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Related to Roundhead: Oliver Cromwell


A supporter of the Parliamentarians during the English Civil War and the Commonwealth.

[From the close-cropped hair of the Puritans.]
American Heritage® Dictionary of the English Language, Fifth Edition. Copyright © 2016 by Houghton Mifflin Harcourt Publishing Company. Published by Houghton Mifflin Harcourt Publishing Company. All rights reserved.


1. (Historical Terms) English history a supporter of Parliament against Charles I during the Civil War. Compare Cavalier
2. (Government, Politics & Diplomacy) English history a supporter of Parliament against Charles I during the Civil War. Compare Cavalier
[referring to their short-cut hair]
Collins English Dictionary – Complete and Unabridged, 12th Edition 2014 © HarperCollins Publishers 1991, 1994, 1998, 2000, 2003, 2006, 2007, 2009, 2011, 2014



a Puritan supporter of Parliament during the English Civil War: so called in derision by the Cavaliers because they wore their hair cut short.
Random House Kernerman Webster's College Dictionary, © 2010 K Dictionaries Ltd. Copyright 2005, 1997, 1991 by Random House, Inc. All rights reserved.
ThesaurusAntonymsRelated WordsSynonymsLegend:
Noun1.roundhead - a brachycephalic person
individual, mortal, person, somebody, someone, soul - a human being; "there was too much for one person to do"
2.Roundhead - a supporter of parliament and Oliver Cromwell during the English Civil War
admirer, booster, protagonist, supporter, champion, friend - a person who backs a politician or a team etc.; "all their supporters came out for the game"; "they are friends of the library"
Based on WordNet 3.0, Farlex clipart collection. © 2003-2012 Princeton University, Farlex Inc.


[ˈraʊndhed] N (Brit) (Hist) → cabeza f pelada
Collins Spanish Dictionary - Complete and Unabridged 8th Edition 2005 © William Collins Sons & Co. Ltd. 1971, 1988 © HarperCollins Publishers 1992, 1993, 1996, 1997, 2000, 2003, 2005
References in classic literature ?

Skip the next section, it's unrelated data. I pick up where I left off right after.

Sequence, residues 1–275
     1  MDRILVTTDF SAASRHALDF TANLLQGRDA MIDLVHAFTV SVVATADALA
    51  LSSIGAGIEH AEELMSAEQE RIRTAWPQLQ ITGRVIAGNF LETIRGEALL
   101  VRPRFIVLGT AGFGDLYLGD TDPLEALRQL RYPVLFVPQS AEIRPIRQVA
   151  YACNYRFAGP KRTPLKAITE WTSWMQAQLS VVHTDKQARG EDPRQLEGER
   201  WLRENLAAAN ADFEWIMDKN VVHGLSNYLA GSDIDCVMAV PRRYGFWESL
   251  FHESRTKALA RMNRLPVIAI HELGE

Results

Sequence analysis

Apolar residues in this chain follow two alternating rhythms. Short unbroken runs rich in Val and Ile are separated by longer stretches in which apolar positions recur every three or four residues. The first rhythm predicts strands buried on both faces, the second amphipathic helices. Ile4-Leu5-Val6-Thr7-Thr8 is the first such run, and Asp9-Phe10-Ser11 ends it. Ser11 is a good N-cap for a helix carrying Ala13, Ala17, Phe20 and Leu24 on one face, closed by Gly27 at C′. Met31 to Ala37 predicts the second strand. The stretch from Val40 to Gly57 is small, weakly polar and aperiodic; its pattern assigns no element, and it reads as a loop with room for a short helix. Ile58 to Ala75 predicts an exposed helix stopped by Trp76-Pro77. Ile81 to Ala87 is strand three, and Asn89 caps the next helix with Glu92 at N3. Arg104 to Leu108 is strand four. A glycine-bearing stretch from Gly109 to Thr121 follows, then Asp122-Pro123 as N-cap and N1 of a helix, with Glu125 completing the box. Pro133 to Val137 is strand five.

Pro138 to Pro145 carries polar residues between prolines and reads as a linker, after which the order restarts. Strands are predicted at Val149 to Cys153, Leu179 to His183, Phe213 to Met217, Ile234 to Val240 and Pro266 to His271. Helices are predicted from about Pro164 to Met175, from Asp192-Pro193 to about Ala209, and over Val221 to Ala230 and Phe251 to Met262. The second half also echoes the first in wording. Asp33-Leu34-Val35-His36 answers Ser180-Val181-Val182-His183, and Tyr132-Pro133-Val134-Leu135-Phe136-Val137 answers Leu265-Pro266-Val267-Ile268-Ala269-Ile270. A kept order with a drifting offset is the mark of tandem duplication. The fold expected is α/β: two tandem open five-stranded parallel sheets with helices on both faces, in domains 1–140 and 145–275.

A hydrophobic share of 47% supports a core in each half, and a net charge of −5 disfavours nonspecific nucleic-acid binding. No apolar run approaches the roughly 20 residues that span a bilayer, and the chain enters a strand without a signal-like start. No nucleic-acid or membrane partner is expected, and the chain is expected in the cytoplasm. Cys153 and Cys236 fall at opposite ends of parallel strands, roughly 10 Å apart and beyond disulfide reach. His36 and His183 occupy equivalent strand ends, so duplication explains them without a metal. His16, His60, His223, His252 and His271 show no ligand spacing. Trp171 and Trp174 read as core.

No slave is permitted to bestow this enviable deformity upon his child; all the slaves, therefore, are roundheads.
Impey Barbicane was a man of forty years of age, calm, cold, austere; of a singularly serious and self-contained demeanor, punctual as a chronometer, of imperturbable temper and immovable character; by no means chivalrous, yet adventurous withal, and always bringing practical ideas to bear upon the very rashest enterprises; an essentially New Englander, a Northern colonist, a descendant of the old anti-Stuart Roundheads, and the implacable enemy of the gentlemen of the South, those ancient cavaliers of the mother country.
dashed itself against the walls, and the whole audience was on its feet in a delirium of applause, and I thought at that moment of the night when Henry Grady stood among the curling wreaths of tobacco-smoke in Delmonico's banquet-hall and said, "I am a Cavalier among Roundheads."
Afterwards Curtis hailed "a fine day at the office", and said of Roundhead's win: "I knew I'd won at the line."
King Charles was a captive but John Poyner, the eccentric mayor of Pembroke, suddenly switched sides to the Royalists, joined by the celebrated Roundhead warrior Major General Laugharne, who had clobbered the Cavaliers in Cardiff two years before.
The argument can be likened in some ways to the differences between Cavaliers and Roundheads.
To develop roundhead lespedeza cultivars successfully, information is needed on the variation of CT concentration from different plant parts and the effect of environment on CT concentration for available germplasm.
"That's the whole idea behind our support for this business," says Chief Roundhead. "We want to see the rest of the membership setting up businesses and taking advantage of the opportunities that are out there."
Before the musket fired, the 20th and 17th centuries must have separated, for the sun dimmed, the skies greyed, and the Roundheads vanished.
So did the extremist sects that grew up on the Roundhead side, like the Levellers, Diggers, Quakers and the very odd Ranters who seemed to have decided that religious disputes were an ideal excuse for a punch-up, some booze and a lot of sex - a bit like today's national religion, football.
Dozens watched as Bill Roache, better known as Weatherfield teacher Ken Barlow, recalled his days in National Service to teach the Roundheads some basic military drill.